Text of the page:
Saturday, November 17, 2012

Just Sitting for Ten Minutes

It's Sunday morning. I'm drinking coffee, sitting by the lit fireplace, reading a book, and enjoying the quietude. I hear the steady humming of the refrigerator and my own breathing, and now, a jet plane passing over in the distance.

I woke up this morning, showered, and meditated for ten minutes. It felt good to meditate right away. A good way to start my Sunday, a good way to stop and sit and not do anything. So often I've got a mental list of things I want or need to do: eat, clean, read a book, get ready for work. I'm not a crazy busy overbooking multitasking person but I like to use my time efficiently and effectively-there are only so minutes in the day and I want to use them wisely-and so I plan what I'm going to do with the minutes.

Meditating-just sitting as I like to call it-is “doing” something, but it represents the bare necessity and the simple essential. Often for myself, and others, just sitting there and “doing nothing” is difficult. We get mentally and physically restless. We have the mental list of things we could or should or would like to do instead of just sitting. We have the mental list of things we could or should or would like to do after we are done sitting. We have the machinations of our minds: the wondering and worrying, the remembering and envisioning. If you're like me, you think a lot. If you're like me, you think you should always be doing something, whatever that is. Just sitting there seems idle and counterproductive to the creative and successful person.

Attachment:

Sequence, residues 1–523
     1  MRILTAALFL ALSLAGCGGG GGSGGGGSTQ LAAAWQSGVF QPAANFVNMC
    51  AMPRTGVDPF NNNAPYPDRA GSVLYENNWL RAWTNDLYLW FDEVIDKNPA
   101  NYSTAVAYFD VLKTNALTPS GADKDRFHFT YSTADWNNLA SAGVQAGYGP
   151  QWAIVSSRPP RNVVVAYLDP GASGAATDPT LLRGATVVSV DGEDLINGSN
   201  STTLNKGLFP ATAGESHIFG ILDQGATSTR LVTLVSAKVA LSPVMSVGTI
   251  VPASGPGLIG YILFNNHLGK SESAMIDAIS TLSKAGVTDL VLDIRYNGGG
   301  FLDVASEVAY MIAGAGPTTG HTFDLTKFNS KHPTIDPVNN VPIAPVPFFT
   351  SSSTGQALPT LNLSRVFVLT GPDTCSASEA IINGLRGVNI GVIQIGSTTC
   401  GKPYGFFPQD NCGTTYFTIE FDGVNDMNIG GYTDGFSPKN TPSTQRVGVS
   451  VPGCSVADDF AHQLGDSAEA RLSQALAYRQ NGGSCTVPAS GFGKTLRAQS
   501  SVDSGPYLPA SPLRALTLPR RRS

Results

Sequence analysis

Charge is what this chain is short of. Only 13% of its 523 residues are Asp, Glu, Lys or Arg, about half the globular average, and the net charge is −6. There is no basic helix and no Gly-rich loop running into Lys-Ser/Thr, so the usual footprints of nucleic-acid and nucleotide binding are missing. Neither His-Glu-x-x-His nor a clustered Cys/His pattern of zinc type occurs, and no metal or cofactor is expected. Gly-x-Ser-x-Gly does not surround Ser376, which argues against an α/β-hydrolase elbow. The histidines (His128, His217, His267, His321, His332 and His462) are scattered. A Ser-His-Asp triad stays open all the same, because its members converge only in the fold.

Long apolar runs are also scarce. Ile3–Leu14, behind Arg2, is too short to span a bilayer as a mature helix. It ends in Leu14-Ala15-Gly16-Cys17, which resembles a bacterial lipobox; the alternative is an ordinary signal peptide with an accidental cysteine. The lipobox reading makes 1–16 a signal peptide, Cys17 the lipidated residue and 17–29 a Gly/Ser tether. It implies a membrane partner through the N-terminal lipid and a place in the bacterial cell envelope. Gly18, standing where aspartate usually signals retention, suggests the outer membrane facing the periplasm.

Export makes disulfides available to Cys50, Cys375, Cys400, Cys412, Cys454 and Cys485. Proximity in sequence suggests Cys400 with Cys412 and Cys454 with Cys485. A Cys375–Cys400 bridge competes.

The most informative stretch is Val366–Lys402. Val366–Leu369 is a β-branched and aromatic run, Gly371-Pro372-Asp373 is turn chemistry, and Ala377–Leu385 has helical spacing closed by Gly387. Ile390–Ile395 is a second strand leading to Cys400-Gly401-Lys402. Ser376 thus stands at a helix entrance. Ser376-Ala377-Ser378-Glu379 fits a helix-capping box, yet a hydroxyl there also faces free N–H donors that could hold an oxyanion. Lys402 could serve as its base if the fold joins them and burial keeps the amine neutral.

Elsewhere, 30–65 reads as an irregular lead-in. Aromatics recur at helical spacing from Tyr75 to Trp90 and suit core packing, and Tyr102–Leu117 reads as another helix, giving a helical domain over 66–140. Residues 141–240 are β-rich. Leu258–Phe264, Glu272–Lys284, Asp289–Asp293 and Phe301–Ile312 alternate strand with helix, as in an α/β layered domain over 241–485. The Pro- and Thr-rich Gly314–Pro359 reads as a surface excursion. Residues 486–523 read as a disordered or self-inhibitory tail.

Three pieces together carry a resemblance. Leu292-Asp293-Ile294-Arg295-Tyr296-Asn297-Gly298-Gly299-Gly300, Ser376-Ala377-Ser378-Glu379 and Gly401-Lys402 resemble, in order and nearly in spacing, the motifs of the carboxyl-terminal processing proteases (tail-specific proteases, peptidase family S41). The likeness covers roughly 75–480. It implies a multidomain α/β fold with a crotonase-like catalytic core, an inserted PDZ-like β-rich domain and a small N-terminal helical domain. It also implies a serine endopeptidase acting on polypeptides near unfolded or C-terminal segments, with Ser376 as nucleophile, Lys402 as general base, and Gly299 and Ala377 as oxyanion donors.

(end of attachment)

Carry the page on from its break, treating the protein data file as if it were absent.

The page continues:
But I did just sit there. I stopped. I just sat. For ten minutes. It may not seem like a long time. It's certainly not the two periods of thirty five minutes every Tuesday, Thursday, and Sunday or the all day meditation retreat I used to sit ten years ago, but ten minutes is where I'm at right now and wherever I am is where I am.  I accept that.

Ezra Bayda states in his book Saying Yes to Life (Even the Difficult Parts) that “equanimity is being present with whatever is happening without believing our judgments about it.” What this means is that when I'm just sitting I just sit. I don't judge it. I don't say it's good or bad. I don't tell myself I'm distracted and unfocused, or the opposite, I'm concentrating and clear minded. Similarly, when I'm done just sitting, I don't judge the sitting, and I don't judge whatever I'm doing. I just do it: just drinking coffee, just sitting by the lit fire, just reading, and just enjoying the quietude.

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